The Obstacles to European Union Regional Policy in the Northern Ireland Borderlands

By Wilson, Thomas M. | Human Organization, Spring 2000 | Go to article overview
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The Obstacles to European Union Regional Policy in the Northern Ireland Borderlands


Wilson, Thomas M., Human Organization


The Europeanization of European Union (EU) member states seeks their economic and political integration, if not eventual federal union, within a common market. EU programs and policies have done much to inject capital into Northern Ireland, but little to weaken the hold of nation and state in local political culture. In fact, in the borderlands of Northern Ireland the boundaries between nations and states are more important than any metaphorical "Europe without frontiers." This essay examines a European policy program, INTERREG, which has enjoyed only partial success at the Northern Ireland border, in order to delineate some of the obstacles to the cross-border cooperation which is its goal. It also relates these obstacles to flaws in national and European policy making and implementation to inform wider research both in the anthropology of the EU and in the anthropology of international borders.

Key words: international borders, public policy, European Union, Northern Ireland

Anthropologists have come late to the study of policy in the European Union (EU). With some exceptions (such as Shore 1997; Shore and Black 1995) anthropologists have eschewed the analysis of EU policy making and implementation in favor of other topics in the evolution of the EU as a political, social, and economic system. In fact, the anthropology of the EU has been gaining considerable momentum since the early 1990s, which is not surprising given the great strides the EU itself has made in widening its membership and deepening its vertical integration within and among its 15 member states.1 Anthropological studies of the EU can be characterized (cf. Wilson 1998) as 1) those done "from above," i.e., from the perspective of its metropolitan centers and bureaucratic cores in Brussels and Strasbourg, and among the leaders and civil servants of the European Commission and the European Parliament (see, for example, Abeles 1992; Bellier 1997; McDonald 1996); 2) and those done "from below," i.e., from the perspective of local communities who experience the impact of EU policies, and who are the recipients of the EU's economic subvention and its attempts to foster a variety of forms of European consciousness and identity (see, for example, LiPuma and Meltzoff 1994; Wilson and Smith 1993; Zabusky 1995). But while some of these anthropological investigations at the local levels of the EU have focused on adaptations to the EU in everyday life, few have related these changes to specific EU policies and programs, and fewer still have addressed these policies' relative success or failure in localities and in the member states more generally.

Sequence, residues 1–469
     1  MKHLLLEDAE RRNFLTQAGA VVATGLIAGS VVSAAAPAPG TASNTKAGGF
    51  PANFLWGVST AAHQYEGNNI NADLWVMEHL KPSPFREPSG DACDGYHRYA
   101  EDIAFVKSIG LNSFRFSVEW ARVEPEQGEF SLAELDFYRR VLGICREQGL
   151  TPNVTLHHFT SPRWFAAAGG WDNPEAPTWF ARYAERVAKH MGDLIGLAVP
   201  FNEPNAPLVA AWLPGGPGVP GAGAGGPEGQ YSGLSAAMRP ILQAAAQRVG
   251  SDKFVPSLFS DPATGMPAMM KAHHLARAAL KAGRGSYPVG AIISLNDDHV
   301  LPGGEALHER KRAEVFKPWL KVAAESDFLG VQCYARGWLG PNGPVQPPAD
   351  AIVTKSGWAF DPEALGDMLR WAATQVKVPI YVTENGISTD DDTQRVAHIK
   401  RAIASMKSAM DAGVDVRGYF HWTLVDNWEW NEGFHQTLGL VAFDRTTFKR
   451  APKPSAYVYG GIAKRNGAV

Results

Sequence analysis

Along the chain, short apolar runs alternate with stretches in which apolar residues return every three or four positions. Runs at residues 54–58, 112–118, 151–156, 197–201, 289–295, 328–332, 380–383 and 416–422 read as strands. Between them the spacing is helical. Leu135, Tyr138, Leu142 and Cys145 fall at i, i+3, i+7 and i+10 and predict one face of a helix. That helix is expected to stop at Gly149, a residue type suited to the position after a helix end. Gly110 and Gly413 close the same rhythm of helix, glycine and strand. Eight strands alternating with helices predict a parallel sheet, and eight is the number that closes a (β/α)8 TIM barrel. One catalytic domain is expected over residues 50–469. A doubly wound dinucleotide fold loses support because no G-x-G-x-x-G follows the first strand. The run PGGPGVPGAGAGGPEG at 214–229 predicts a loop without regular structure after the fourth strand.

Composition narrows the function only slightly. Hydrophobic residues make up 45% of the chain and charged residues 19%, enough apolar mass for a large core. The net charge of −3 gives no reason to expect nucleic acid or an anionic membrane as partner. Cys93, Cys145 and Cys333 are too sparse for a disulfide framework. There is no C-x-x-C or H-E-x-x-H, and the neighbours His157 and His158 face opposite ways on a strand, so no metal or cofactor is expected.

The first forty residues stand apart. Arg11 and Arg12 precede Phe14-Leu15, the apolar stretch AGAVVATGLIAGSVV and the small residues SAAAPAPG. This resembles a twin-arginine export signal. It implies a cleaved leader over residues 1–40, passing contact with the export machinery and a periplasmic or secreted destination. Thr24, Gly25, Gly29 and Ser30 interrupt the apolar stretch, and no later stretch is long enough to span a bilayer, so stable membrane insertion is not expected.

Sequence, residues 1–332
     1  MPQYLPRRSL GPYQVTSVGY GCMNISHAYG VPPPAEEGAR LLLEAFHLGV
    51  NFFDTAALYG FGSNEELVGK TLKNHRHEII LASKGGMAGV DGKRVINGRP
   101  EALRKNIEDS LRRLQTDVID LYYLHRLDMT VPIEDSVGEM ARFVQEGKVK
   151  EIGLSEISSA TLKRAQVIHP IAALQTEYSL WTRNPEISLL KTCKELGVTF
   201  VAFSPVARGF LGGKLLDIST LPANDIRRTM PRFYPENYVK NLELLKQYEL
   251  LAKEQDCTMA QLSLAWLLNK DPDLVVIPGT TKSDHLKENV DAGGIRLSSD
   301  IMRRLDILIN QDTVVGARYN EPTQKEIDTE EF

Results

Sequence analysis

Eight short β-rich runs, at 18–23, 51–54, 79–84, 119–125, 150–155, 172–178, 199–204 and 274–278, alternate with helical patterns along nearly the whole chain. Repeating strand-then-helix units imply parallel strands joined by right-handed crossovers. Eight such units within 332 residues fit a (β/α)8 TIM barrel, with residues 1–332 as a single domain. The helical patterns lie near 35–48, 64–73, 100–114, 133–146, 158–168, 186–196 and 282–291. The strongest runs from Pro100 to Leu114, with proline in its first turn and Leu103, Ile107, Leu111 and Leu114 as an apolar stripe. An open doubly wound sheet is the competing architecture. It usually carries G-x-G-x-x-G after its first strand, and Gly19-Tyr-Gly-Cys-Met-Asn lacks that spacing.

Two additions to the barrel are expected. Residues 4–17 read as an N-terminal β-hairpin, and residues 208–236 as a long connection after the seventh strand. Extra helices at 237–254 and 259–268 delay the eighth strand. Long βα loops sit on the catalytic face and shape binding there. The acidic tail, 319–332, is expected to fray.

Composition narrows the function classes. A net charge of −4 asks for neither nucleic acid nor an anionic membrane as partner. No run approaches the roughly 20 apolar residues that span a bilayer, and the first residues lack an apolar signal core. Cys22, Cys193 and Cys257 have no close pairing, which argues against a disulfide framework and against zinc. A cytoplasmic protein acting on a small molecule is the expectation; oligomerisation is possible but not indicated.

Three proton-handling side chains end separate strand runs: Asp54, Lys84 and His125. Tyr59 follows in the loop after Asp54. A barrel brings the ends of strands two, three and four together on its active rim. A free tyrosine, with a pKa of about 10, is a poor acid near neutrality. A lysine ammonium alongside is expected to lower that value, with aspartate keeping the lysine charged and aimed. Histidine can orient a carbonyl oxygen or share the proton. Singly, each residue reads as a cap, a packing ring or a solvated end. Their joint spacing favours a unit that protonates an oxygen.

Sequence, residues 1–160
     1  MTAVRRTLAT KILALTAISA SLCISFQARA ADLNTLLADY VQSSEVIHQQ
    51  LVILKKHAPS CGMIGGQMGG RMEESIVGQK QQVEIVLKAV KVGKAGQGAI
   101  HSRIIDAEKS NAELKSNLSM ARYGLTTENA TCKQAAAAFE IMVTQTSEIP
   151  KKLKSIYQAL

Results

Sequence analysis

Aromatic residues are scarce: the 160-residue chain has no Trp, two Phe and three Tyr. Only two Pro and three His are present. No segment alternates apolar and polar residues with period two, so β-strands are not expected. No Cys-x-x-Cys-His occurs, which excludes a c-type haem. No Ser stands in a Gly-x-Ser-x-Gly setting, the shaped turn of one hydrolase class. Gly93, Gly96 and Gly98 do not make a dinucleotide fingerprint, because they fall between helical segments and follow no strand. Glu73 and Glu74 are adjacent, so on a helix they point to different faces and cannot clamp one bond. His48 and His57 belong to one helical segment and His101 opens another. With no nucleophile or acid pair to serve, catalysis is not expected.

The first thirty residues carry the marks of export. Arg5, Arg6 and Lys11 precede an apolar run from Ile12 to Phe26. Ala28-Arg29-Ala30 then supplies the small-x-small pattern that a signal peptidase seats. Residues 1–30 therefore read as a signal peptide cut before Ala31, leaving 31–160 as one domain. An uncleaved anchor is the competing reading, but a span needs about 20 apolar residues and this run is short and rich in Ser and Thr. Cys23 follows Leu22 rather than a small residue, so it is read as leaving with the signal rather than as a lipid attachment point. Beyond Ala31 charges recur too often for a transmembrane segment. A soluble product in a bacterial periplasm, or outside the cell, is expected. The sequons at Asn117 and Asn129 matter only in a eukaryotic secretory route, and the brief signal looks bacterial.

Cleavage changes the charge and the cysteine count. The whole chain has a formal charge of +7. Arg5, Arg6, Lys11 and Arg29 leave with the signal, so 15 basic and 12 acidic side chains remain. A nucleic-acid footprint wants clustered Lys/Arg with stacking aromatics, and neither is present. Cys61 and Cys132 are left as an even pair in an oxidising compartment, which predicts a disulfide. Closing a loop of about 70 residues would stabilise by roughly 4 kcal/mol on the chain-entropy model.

This amounts to a particularly important missed opportunity in the applied anthropology of the EU, and one which is no longer defensible in an EU whose policies daily affect more than 350 million people. Anthropologists are among those best placed to research what the EU's economic agenda does, and means, in the everyday lives of its citizens and residents. This economic agenda, in turn, may be a force to achieve ever closer political union among the EU's present member states and also presumably among the many other states that subsequently join the EU. But while EU and national leaders, along with most scholars of the EU, concentrate on these twin processes of economic integration and political union at supranational and international levels, they largely overlook the impact of EU-building at local levels of member-state societies. In fact, European integration at any level will involve transformations in national and regional social structures, behaviors, and values if the European project (which is perhaps better conceived as often overlapping and sometimes contradictory European projects) is to succeed.

While it is clear that most public debate about the EU is concerned with its political and economic projects, which are seen to be driven by national and European elites, there is also a growing concern with the EU's role in globalization and its impact on the quotidian life of local and regional institutions and communities.

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